Sudan’s terror-list removal untied from Darfur

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The Obama administration intends to remove Sudan from a U.S. terrorist blacklistregardless of progress in the conflict-riddled province of Darfur. The move is likely to anger some members of Congress and human rights activists.

The Darfur Peace and Accountability Act (DPAA) requires the government of Sudan to resolve the conflict in Sudan’s western province before the nation can be removed from the terrorism list.

“The Obama administration, for the purposes of this designation, will delink this listing from Darfur,” a senior U.S. official told The Washington Times on the condition of anonymity because of the sensitive nature of the matter.

“We have told the Sudanese that what we intend to do is to waive the application of the DPAA in this regard should they fulfill all requirements of the [Comprehensive Peace Agreement of 2005],” he added.

The peace pact ended two decades of civil war between the Muslim north and the largely Christian and animist south. About 2 million people were killed in the fighting.

However, some members of Congress are still worried about the continuing violence in Darfur between pro-government Arab militias and rebel groups.

“People on the Hill are still concerned about the situation in Darfur, but the referendum has taken a lot of oxygen out of that debate,” said a congressional source, who spoke on the condition of anonymity because he is not allowed to speak with the media.

Southern Sudanese voted overwhelmingly in favor of secession in a referendum last month. Sudanese President Omar Bashir has said he will respect their choice.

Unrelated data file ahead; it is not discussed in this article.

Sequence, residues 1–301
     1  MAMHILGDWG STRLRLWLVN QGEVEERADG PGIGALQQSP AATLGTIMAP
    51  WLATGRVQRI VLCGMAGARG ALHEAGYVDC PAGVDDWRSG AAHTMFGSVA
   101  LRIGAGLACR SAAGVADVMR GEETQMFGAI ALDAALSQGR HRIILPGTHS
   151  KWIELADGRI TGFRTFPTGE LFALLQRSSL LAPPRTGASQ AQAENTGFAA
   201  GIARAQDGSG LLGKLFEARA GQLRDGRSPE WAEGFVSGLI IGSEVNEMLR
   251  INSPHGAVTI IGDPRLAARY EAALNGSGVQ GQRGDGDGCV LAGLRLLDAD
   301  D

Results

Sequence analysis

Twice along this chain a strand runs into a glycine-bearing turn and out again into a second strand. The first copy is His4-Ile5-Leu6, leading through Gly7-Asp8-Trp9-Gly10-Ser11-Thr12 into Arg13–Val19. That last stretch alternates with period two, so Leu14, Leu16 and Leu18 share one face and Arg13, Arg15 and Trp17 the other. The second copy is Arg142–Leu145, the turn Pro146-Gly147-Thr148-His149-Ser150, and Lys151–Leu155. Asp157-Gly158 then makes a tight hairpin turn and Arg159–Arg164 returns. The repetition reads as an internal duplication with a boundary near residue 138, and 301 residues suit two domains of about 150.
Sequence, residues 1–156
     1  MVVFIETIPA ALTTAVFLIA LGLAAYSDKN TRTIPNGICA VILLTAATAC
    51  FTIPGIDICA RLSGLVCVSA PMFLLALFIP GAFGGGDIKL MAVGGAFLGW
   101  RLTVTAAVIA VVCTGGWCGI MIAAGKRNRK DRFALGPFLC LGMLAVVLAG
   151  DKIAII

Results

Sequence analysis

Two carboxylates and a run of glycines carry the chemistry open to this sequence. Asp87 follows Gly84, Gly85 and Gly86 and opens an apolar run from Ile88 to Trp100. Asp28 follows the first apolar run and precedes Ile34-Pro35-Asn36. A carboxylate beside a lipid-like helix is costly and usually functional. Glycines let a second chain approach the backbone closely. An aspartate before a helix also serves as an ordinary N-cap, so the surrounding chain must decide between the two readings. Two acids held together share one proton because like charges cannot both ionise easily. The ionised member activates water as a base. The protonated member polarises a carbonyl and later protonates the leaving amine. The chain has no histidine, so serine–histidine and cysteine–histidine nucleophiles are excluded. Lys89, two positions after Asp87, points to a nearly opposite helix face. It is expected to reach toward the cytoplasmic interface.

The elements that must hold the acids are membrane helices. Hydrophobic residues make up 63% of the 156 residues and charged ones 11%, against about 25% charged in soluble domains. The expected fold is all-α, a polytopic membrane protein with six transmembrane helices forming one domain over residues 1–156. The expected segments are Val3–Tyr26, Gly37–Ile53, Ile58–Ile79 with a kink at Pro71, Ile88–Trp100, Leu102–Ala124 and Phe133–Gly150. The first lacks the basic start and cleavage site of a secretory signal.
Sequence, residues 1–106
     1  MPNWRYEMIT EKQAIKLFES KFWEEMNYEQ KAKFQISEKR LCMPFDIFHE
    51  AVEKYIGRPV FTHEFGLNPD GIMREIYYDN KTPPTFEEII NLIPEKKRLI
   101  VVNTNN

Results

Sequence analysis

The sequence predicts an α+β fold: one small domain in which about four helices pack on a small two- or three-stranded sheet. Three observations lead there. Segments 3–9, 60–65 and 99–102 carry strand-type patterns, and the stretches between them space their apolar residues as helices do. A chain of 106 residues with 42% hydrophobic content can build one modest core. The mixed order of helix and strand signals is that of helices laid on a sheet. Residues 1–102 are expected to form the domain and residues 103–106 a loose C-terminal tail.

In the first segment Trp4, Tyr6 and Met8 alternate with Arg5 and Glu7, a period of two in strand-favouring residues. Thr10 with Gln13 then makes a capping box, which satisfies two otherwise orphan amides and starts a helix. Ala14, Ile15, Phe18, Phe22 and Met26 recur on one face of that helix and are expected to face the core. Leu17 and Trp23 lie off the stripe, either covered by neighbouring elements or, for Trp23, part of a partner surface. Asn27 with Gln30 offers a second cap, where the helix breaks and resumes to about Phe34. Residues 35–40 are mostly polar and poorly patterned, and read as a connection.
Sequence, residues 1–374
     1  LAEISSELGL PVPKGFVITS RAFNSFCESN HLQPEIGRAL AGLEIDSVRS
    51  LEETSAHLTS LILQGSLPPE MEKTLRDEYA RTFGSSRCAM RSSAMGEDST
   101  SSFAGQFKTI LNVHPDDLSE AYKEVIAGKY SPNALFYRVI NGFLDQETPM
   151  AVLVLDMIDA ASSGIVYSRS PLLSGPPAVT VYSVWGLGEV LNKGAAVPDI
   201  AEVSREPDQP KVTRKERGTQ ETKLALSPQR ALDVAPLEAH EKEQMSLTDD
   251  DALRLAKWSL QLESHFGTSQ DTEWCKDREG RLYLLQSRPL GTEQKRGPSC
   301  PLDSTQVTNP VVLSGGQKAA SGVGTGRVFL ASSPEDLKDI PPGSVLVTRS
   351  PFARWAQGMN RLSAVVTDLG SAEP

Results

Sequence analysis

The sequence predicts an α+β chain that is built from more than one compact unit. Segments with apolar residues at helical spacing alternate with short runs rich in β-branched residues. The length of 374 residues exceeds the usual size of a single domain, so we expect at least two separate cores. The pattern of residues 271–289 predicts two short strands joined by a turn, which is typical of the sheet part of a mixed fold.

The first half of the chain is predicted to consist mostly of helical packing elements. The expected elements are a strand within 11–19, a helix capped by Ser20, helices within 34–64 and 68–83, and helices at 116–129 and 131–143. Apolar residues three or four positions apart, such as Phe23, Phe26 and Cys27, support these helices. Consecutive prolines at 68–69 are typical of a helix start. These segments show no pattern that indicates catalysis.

Gen. Bashir is the subject of an International Criminal Court indictment over alleged war crimes in Darfur.

On Tuesday, the international humanitarian organization Doctors Without Borders said renewed fighting in North Darfur state over the past two months has forced thousands of families to flee from their villages.

“The United States removed a number of restrictions imposed on Sudan last September. The removal of the remaining sanctions should be linked to lasting peace in Darfur, justice and accountability, and resolution of all outstanding issues, including Abyei,” said Rep. Donald M. Payne, New Jersey Democrat and co-chairman of the congressional caucus on Sudan.

The oil-rich province of Abyei is a key flash point in Sudan.

A human rights activist who has been working on issues related to the conflict in Darfur said in a phone interview that the Obama administration will give away key leverage on the Khartoum government by removing Sudan from the terror list before the fighting has ended. The activist spoke on the condition of anonymity, citing concern for his safety because he is currently in Sudan.

After much internal and external deliberation, the Obama administration offered a two-part deal to the Bashir government in Khartoum.

First, if Sudan implements and respects all provisions of the peace agreement and is found not to be supporting terrorist groups, it will be taken off the terrorism sponsor list. Second, if it ensures peace in Darfur, U.S. sanctions will be lifted.

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About the Author
Ashish Kumar Sen

Ashish Kumar Sen

Ashish Kumar Sen is a reporter covering foreign policy and international developments for The Washington Times.

Prior to joining The Times, Mr. Sen worked for publications in Asia and the Middle East. His work has appeared in a number of publications and online news sites including the British Broadcasting Corp., Asia Times Online and Outlook magazine.

 

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